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date: 24 May 2022

Bush, George H.

(12 June 1924–30 Nov. 2018)

Bush, George H.

(12 June 1924–30 Nov. 2018)
  • Barbara A. Perry

George H.W. Bush, 1989, by Michael Geissinger

Library of Congress Prints and Photographs Division Washington, D.C. 20540 USA

Bush, George H. W. (12 June 1924–30 Nov. 2018), forty-first president of the United States, was born George Herbert Walker Bush in Milton, Massachusetts, to Prescott S. Bush, an investment banker, and Dorothy Walker Bush, a homemaker. The family moved to Greenwich, Connecticut in 1925 and spent summers at the Walker family’s resort home in Kennebunkport, Maine. Called “Poppy,” after his namesake uncle, young George attended Greenwich Country Day School, before enrolling in the elite prep school, Phillips Academy in Andover, Massachusetts, where he became a star baseball player and popular student noted for protecting freshmen from older bullies. Empathy was a noted hallmark of his personality.

Bush enlisted in the Navy during World War II, immediately after graduation from high school in 1942. He became one of the youngest Navy fighter pilots in the war and displayed extraordinary heroism in the South Pacific, flying fifty-eight combat missions off the USS San Jacinto. After a September 1944 bombing run over the Japanese-held island of Chichi Jima, where his plane took a direct hit, Lieutenant (jg) Bush had to bail out over the ocean, where he spent several hours adrift in a raft, frantically paddling against the current that was carrying him back toward the enemy. Miraculously, a U.S. submarine discovered and rescued the young pilot from certain capture, torture, or death at the hands of the Japanese, who were later tried for cannibalizing U.S. airmen on the island. For his bravery, Bush earned the Distinguished Flying Cross, but he always grieved the loss of his two crewmates.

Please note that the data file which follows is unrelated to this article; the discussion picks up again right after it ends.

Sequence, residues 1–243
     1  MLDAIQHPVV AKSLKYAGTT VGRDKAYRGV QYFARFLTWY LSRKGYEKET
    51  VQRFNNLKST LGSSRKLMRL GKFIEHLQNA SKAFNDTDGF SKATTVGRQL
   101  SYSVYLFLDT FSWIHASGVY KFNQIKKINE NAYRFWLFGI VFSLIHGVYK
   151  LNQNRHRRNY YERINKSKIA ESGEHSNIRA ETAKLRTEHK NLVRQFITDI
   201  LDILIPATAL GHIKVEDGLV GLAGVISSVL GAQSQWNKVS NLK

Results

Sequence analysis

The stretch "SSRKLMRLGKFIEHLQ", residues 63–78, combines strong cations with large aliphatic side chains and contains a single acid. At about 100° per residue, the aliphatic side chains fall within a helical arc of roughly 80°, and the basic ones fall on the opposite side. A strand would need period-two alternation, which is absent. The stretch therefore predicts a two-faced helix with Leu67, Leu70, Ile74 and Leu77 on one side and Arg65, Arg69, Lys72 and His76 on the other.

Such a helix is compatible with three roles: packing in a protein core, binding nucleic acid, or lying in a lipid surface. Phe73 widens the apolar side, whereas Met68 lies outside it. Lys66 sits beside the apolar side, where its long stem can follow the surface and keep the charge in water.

Returning stateside, he married Barbara Pierce in January 1945. They would produce six children, including their eldest, George W. Bush, who would become the forty-third president of the United States, and John Ellis (Jeb), who was elected governor of Florida and ran unsuccessfully for the 2016 Republican presidential nomination. Their second child, Robin, succumbed to leukemia at age three, devastating the family.

After mustering out of the service, Bush enrolled at Yale, completed his undergraduate economics degree, and earned Phi Beta Kappa honors in fewer than three years, graduating in 1948. As a star first baseman, he led Yale’s team to the first college World Series in 1947 and again in 1948. Although the Bulldogs failed to win the championship, Bush’s senior season was capped by meeting major league star Babe Ruth, who presented him with a signed copy of his autobiography at Yale Field just a few months before cancer claimed the baseball legend’s life.

Looking to make his own way in business, Bush decided to leave the Northeast and settled in Odessa and then Midland, to forge a career in the West Texas oil fields. In 1953 he co-founded an oil company, Zapata, added to the Bush family fortune with his own financial acumen, and moved his growing brood to Houston. With his father holding a seat in the U.S. Senate from Connecticut, Bush decided to enter politics, too. He began working for the election of GOP candidates and by 1962 had become chair of the Harris County Republican Party, a powerful organization in Texas’s largest county. He absorbed the details of grassroots politics and networked with other party leaders around the Lone Star State.